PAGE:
20 December 2012 No Comments by The Northern Standard

The Football Review Committee report was unveiled at a special briefing in Croke Park last weekend. by JOHN GRAHAM
he committee received more than 4,000 submissions and with over 70% backing for the proposals they have made, the Football Review Committee took some six months to complete their work with the report unveiled at a special briefing in Croke Park last weekend. “This is the Association speaking,” said Ard Stiurthoir CLG, Paraic Duffy when speaking at the launch while Uachtaran Liam O’Neill felt it was “the most extensive trawl ever undertaken by any organisation”.
The general feeling is that the proposals the committee has made are practical and achievable and by not going for anything too drastic the proposals have a much better opportunity of being accepted although as some would require changes to Rules in the Official Guide, those ones will have to go to Congress.
It has to be said though that some of the proposals are not new. Many of the proposals have had outings at previous GAA Congress gatherings before.
There have been calls for an advantage rule to be introduced and the substitution of players who pick up yellow cards has been tried before, as was the Mark, although the accumulation of yellow cards leading to a suspension has been talked about, nothing was done to further the idea, but it could have a difficult passage.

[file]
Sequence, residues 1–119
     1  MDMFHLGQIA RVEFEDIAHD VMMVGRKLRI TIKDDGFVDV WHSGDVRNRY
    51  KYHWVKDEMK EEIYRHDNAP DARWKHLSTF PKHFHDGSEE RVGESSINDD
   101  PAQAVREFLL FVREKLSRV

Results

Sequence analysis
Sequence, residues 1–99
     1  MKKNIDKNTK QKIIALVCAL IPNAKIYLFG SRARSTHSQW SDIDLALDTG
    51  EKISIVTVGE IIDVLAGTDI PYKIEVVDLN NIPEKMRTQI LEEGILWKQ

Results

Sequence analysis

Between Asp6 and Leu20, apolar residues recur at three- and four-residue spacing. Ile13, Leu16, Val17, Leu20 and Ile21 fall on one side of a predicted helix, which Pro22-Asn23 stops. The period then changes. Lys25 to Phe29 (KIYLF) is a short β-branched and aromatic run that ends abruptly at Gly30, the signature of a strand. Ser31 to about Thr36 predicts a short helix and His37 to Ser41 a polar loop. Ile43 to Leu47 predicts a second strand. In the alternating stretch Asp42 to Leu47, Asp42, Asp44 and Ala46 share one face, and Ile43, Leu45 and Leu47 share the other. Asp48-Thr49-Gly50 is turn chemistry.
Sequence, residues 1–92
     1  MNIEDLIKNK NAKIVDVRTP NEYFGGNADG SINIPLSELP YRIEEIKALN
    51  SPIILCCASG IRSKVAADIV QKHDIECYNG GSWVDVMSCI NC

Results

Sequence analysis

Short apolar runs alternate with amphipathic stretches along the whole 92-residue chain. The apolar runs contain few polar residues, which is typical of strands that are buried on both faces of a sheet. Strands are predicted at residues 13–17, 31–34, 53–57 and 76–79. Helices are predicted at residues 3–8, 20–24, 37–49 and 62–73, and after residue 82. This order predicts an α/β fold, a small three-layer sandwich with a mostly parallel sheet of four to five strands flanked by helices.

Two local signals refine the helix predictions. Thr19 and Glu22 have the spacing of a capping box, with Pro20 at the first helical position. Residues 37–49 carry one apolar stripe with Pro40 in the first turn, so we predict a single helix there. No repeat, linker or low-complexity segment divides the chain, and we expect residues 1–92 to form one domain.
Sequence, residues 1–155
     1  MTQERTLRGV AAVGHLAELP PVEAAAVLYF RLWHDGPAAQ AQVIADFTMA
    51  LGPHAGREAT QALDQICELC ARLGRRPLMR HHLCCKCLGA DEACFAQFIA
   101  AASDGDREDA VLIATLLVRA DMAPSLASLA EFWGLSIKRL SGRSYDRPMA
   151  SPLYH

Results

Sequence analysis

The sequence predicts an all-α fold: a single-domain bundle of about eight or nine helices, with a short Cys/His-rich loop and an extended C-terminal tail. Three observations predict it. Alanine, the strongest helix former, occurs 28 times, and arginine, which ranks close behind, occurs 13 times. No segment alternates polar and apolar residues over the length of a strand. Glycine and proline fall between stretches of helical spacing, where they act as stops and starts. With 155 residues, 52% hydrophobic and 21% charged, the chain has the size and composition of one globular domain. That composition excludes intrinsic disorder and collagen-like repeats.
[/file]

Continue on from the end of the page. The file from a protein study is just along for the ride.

The proposals regarding yellow cards are seeking to punish the serial offenders and if the FRC’s suggestion is approved by next year’s Congress then from 2014 any player who collects three yellow cards in a season would have to serve a two match ban. This report is in fact the first of two that will be issued by the committee, the second report on Competition Structures will be issued early in the New Year, is based on the thoughts of some 4000 people who made submissions to the FRC and its chairman Eugene McGee.
In launching the report Eugene McGee was adamant that “one of the big things that annoyed people was cynical fouling, particularly those players and teams who foul as a tactic to slow the game down or to prevent the opposition moving forward, which is very common today”.
He went on to say that the proposed changes would make the game more attractive and that GAA people have to be aware of that, as they are fighting for the hearts and minds of the young boys and girls whose interest is also being coveted by rugby and soccer.
In general inter county football was regarded as “good or very good” by the majority of those who made submissions but he went on to explain that one of the most upsetting results of …

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